Thai baht to ‘recover the strongest’ among regional currencies on China reopening: Credit Suisse
The Thai baht will “recover the strongest” amongst other Southeast Asian currencies on China’s reopening, said Credit Suisse’s Asia FX strategist Max Lin.
Lin claimed Thailand has not implemented any sort of travel restrictions on Chinese tourists, and the government is “still very supportive” of the tourism freedom.
“It sounds like there still will be a lot of regional tourism demand,” he said, pointing to reports of Chinese outbound tourism activities on travel booking websites.
The Thai Baht has strengthened back to levels seen in April 2022 and last stood at 33.41 against the greenback.
— Lee Ying Shan
Apple’s Asia suppliers mostly fall after reports of in-house screen manufacturing
Shares of some Apple suppliers in Asia fell after Bloomberg reported that the company will begin making in-house screens in 2024.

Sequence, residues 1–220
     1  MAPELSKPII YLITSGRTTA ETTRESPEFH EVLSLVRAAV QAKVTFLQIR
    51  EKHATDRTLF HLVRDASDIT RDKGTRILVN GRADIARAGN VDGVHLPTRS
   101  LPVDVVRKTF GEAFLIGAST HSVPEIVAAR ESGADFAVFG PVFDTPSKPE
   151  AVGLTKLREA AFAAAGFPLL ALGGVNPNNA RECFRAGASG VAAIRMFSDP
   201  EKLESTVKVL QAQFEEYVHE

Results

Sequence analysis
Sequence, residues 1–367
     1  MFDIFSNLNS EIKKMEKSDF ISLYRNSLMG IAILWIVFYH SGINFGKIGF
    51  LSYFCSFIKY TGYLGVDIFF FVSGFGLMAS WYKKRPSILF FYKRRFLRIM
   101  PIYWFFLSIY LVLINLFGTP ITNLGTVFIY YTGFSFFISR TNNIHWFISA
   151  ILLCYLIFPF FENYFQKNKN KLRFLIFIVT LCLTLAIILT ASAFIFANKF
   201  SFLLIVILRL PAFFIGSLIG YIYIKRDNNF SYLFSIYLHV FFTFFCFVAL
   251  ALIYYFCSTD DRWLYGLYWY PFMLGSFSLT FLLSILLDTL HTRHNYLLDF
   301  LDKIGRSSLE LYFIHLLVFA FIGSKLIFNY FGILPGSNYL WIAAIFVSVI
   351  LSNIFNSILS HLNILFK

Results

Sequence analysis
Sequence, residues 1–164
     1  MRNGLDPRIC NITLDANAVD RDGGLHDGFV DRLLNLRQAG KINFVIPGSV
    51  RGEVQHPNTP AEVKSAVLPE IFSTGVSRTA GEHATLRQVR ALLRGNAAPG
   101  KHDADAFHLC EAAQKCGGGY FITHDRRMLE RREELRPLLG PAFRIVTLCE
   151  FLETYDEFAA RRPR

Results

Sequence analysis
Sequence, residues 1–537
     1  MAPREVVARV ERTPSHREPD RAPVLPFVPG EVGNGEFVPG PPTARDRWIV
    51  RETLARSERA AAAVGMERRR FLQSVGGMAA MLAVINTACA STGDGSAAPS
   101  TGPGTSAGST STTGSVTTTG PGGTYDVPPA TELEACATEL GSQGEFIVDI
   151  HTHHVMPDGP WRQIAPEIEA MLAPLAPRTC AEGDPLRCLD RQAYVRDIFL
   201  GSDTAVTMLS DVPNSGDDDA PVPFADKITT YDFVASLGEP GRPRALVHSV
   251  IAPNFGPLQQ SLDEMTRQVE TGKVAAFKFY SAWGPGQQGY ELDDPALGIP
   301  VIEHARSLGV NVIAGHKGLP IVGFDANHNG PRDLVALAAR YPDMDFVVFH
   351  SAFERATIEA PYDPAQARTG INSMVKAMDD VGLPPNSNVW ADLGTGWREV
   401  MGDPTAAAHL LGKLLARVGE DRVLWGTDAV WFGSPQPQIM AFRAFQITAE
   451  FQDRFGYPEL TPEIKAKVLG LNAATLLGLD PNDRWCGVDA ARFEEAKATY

South Korea listed stocks of LG Display fell 3.35% in its afternoon trade shortly after the report, while Samsung Electronics traded 0.17% higher. Taiwan Semiconductor Manufacturing Co. also traded 0.41% lower.
Separately, Shenzhen-listed shares of BOE Technology Groupor Jingdongfang, rose more than 1% as Reuters reported that the Apple supplier is planning to invest a substantial sum to build new factories in Vietnam.
— Jihye Lee
Cryptocurrencies trade higher even as Coinbase announce layoffs
Cryptocurrencies inch higher after crypto company Coinbase announced plans to trim 20% of its workforce as it looks to preserve cash during the crypto market downturn.
Bitcoin last traded higher by 1.55% at $17,459.63 according to Coin Metrics. Ether gained 1% to $1,337.85.